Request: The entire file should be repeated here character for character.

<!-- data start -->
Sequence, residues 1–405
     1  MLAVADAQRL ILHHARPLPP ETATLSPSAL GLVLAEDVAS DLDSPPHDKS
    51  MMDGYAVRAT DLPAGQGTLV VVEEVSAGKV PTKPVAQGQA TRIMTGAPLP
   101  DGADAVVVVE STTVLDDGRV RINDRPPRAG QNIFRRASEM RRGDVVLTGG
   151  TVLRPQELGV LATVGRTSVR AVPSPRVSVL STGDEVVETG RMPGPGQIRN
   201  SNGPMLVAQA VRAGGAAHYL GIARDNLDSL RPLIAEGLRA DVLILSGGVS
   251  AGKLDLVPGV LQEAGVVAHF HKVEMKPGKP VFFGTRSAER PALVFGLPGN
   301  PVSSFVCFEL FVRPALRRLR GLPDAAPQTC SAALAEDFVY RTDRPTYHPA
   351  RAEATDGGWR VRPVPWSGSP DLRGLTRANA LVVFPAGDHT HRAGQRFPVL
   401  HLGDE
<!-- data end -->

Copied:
Sequence, residues 1–405
     1  MLAVADAQRL ILHHARPLPP ETATLSPSAL GLVLAEDVAS DLDSPPHDKS
    51  MMDGYAVRAT DLPAGQGTLV VVEEVSAGKV PTKPVAQGQA TRIMTGAPLP
   101  DGADAVVVVE STTVLDDGRV RINDRPPRAG QNIFRRASEM RRGDVVLTGG
   151  TVLRPQELGV LATVGRTSVR AVPSPRVSVL STGDEVVETG RMPGPGQIRN
   201  SNGPMLVAQA VRAGGAAHYL GIARDNLDSL RPLIAEGLRA DVLILSGGVS
   251  AGKLDLVPGV LQEAGVVAHF HKVEMKPGKP VFFGTRSAER PALVFGLPGN
   301  PVSSFVCFEL FVRPALRRLR GLPDAAPQTC SAALAEDFVY RTDRPTYHPA
   351  RAEATDGGWR VRPVPWSGSP DLRGLTRANA LVVFPAGDHT HRAGQRFPVL
   401  HLGDE